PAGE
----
Blu-ray Review: End of Watch

End of Watch Blu-ray boxSTUDIO: Universal | DIRECTOR: David Ayer | CAST: Jake Gyllenhaal, Michael Pena, Anna Kendrick, Frank Grillo, America Ferrera
BLU-RAY & DVD RELEASE DATE: 1/22/2013 | PRICE: DVD $24.98, Blu-ray $34.98
BONUSES: deleted scenes, featurettes, commentary
SPECS: R | 110 min. | Crime | 1.85:1 aspect ratio | DTS-HD 5.1 audio | English, Spanish, French subtitles

RATINGS (out of 5 dishes): Movie | Audio | Video | Overall

End of WatchThere’s one word to describe crime movie End of Watch: Depressing. And annoying. Okay, two words.

The film stars Jake Gyllenhaal (Source Code) and Michael Pena (Tower Heist) as rookie cops who stumble into all the best cases. In the process, they get themselves in the trigger sights of the local drug cartel.

Despite a bounty on their heads, the cocky two get on with their lives, with Gyllenhaal falling in love and getting married and Pena’s wife (Natalie Martinez, TV’s Detroit 1-8-7) getting pregnant. All’s good, until the cartel gets closer.

It’s depressing because *spoiler alert* no matter how good these cops are, they don’t win. And even though their shooters end up in the morgue, nothing happens to the cartel, so we know nothing will change. *spoiler over*

It’s annoying because the found-footage style writer/director David Ayers (Harsh Times) chose doesn’t work and gets in the way of what could otherwise be a decent — albeit depressing — story. Found-footage camerawork is never realistic, so End of Watch seems to flip between having a camera pointing at the characters and not. Ayers wants us to just accept that, but when the characters try so hard to point out the cameras in the rest of the movie, it’s just, well, annoying. Seriously Hollywood, found-footage is done.

Gyllenhaal, Pena, Martinez and Gyllenhaal love interest Anna Kendrick (Pitch Perfect) are all fine. And Frank Grillo (The Grey) is good as an emotional older cop remembering the hard times. They have the benefit of a good script that showcases believable characters, which is perhaps the biggest strength of this film.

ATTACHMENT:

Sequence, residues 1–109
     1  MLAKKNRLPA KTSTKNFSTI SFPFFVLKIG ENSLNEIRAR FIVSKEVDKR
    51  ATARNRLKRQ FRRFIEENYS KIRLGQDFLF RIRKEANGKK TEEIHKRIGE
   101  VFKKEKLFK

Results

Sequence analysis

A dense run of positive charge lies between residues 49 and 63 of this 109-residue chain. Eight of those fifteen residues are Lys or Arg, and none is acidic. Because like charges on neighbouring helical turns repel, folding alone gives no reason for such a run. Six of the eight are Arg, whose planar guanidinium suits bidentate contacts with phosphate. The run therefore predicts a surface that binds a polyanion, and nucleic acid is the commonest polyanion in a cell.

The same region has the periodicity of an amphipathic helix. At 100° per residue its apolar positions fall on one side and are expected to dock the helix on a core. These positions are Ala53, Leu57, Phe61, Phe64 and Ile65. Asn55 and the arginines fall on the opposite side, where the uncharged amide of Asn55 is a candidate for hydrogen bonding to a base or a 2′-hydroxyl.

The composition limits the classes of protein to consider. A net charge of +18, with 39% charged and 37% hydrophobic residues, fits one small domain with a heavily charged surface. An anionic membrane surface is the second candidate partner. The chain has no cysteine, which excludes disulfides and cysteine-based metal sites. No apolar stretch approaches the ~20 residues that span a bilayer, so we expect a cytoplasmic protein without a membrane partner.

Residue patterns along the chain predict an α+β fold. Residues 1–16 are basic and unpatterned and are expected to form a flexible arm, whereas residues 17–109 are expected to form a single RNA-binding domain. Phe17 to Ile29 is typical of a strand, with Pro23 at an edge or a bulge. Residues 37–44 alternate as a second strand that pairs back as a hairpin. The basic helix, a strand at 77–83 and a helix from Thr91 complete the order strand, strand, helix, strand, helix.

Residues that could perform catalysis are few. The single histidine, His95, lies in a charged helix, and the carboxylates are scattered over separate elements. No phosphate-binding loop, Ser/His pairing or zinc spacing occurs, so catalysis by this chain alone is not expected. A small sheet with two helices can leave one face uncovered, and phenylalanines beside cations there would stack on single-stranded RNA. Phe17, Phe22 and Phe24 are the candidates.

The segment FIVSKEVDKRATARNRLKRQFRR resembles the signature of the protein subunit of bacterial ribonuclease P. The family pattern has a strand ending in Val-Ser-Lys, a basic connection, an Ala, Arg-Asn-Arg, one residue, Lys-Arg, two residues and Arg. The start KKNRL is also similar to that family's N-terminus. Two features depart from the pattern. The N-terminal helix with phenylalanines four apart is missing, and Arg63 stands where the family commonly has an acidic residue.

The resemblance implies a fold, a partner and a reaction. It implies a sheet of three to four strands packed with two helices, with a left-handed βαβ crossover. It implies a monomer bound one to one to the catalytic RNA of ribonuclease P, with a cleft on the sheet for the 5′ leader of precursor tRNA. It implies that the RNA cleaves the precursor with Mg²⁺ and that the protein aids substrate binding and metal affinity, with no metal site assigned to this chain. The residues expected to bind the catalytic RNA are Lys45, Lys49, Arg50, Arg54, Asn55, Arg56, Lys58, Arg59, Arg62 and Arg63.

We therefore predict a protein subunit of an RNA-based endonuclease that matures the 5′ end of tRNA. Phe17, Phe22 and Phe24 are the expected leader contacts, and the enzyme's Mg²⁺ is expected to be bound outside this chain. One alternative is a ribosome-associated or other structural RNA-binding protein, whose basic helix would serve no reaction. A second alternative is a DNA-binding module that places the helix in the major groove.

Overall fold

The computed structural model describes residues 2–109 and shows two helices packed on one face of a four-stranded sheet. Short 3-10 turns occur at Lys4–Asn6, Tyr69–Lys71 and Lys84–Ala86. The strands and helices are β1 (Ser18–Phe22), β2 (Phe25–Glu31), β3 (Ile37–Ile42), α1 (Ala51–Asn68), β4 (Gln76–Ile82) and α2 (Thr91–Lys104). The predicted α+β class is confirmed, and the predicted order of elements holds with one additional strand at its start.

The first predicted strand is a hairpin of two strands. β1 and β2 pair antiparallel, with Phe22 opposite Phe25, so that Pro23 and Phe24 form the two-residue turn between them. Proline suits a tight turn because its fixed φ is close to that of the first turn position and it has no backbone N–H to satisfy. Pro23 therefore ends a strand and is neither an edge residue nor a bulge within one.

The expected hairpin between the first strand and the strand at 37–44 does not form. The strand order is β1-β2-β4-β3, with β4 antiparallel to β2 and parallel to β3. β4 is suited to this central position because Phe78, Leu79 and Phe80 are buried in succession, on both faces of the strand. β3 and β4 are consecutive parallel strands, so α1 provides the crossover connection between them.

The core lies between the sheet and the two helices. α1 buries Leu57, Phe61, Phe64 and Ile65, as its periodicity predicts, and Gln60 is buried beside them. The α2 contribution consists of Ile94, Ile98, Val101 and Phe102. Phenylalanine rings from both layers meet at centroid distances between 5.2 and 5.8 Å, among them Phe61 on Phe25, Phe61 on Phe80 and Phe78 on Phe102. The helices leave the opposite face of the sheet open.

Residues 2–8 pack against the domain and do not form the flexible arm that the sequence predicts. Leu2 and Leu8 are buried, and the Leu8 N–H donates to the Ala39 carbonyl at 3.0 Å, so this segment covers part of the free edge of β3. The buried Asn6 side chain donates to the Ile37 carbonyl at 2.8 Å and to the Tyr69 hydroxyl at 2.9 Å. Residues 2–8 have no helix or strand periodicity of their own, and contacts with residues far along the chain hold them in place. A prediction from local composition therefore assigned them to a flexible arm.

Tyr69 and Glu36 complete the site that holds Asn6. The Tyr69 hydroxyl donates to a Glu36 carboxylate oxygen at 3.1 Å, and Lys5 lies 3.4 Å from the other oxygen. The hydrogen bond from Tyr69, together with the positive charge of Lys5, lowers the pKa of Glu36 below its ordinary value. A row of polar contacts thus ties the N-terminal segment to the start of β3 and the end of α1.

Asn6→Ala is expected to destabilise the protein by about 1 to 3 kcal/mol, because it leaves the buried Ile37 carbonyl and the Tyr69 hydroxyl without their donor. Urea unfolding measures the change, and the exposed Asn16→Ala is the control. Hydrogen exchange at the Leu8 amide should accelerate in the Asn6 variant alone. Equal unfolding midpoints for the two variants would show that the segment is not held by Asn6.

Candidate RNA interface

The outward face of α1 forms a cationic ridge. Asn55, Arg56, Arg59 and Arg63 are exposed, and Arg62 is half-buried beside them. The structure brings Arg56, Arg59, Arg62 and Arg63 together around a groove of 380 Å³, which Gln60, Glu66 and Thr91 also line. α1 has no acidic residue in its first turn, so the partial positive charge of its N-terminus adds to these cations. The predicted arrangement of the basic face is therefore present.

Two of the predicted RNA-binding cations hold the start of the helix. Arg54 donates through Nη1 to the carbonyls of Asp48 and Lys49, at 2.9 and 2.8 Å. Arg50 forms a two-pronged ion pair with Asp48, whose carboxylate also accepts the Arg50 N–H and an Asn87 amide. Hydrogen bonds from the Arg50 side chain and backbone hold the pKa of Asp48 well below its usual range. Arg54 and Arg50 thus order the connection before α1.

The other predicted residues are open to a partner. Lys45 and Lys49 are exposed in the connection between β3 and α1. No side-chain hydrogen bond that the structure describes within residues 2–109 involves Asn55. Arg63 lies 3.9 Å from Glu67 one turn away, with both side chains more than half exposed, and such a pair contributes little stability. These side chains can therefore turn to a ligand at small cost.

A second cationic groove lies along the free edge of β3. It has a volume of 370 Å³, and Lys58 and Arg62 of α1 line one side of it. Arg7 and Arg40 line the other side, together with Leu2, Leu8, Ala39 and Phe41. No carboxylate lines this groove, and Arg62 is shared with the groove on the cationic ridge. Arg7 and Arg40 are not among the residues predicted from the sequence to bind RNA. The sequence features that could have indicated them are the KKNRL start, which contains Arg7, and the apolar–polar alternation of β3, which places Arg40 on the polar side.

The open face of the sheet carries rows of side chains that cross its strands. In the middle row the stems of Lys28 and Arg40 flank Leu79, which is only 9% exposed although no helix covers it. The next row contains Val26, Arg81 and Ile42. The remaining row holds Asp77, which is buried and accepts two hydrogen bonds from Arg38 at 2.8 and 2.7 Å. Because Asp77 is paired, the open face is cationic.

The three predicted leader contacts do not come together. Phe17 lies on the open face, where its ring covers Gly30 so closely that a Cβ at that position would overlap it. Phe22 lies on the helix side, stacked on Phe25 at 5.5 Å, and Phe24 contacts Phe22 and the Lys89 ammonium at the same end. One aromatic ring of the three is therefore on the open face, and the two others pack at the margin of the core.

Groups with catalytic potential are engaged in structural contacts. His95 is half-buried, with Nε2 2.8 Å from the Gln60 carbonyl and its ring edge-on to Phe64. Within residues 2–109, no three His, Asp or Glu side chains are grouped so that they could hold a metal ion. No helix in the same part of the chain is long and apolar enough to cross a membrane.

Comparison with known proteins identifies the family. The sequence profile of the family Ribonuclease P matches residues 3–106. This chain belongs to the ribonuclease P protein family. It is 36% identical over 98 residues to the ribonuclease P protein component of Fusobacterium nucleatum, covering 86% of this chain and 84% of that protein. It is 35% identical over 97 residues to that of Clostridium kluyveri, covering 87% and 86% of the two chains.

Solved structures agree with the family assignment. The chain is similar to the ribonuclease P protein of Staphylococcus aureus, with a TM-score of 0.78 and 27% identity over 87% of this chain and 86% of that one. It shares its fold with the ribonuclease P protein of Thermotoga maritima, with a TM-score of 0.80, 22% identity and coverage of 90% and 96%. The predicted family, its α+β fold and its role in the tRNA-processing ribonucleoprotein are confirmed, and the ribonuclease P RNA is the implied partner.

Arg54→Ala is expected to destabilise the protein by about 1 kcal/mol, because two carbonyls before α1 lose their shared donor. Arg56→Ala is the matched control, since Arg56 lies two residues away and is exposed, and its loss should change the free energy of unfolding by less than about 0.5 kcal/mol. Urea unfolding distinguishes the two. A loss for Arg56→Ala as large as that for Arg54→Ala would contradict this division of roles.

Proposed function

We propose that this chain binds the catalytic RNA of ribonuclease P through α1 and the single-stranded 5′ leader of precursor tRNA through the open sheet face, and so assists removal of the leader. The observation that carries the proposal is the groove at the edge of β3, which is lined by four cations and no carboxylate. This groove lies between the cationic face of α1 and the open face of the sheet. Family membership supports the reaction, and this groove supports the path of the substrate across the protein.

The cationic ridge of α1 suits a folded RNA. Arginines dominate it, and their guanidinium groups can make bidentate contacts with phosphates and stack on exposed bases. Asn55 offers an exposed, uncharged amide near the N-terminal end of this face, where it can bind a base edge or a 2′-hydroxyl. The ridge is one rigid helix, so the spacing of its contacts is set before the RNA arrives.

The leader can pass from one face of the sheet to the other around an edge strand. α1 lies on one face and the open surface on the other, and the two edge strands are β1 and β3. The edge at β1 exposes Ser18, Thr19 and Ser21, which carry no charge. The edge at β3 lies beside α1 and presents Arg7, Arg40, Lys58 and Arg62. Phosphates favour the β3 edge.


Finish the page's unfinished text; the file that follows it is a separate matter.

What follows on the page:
The high-definition video and audio is good, but the gritty picture doesn’t use the wonderful color saturation Blu-ray is so good at. The audio is where it’s most impressive, with all those gun shots popping out of the speakers nicely.

The Blu-ray has lots of choice in the special features menu, with a bunch of deleted scenes, five featurettes and a commentary. The deleted scenes are the most hefty, but they offer pretty much more of the same of what’s in the film. The last few, however, show footage that would have created an alternate — even more depressing — ending.

The featurettes are quick promo bites that include interviews with Ayers, Gyllenhaal, Pena, Kendrick and America Ferrera (TV’s Ugly Betty), among others. But the purpose is not behind-the-scenes entertainment, but, as I said, promotion for the film.

Finally Ayers chats about his inspiration, research and choices in a feature-length commentary. He even points out where the movie breaks away from the found-footage premise, saying, “You might wonder who’s holding the camera? Well, it’s my cameraman.” Yeah, we got that.

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About S. Clark

Sam Clark is the former Managing Editor/Online Editor of Video Business magazine. With 19 years experience in journalism, 12 in the home entertainment industry, Sam has been hooked on movies on since she saw E.T. then stared into the sky waiting to meet her own friendly alien. Thanks to her husband’s shared love of movies, Sam reviews Blu-ray discs in a true home theater, with a 118-inch screen, projector and cushy recliners with cup holders.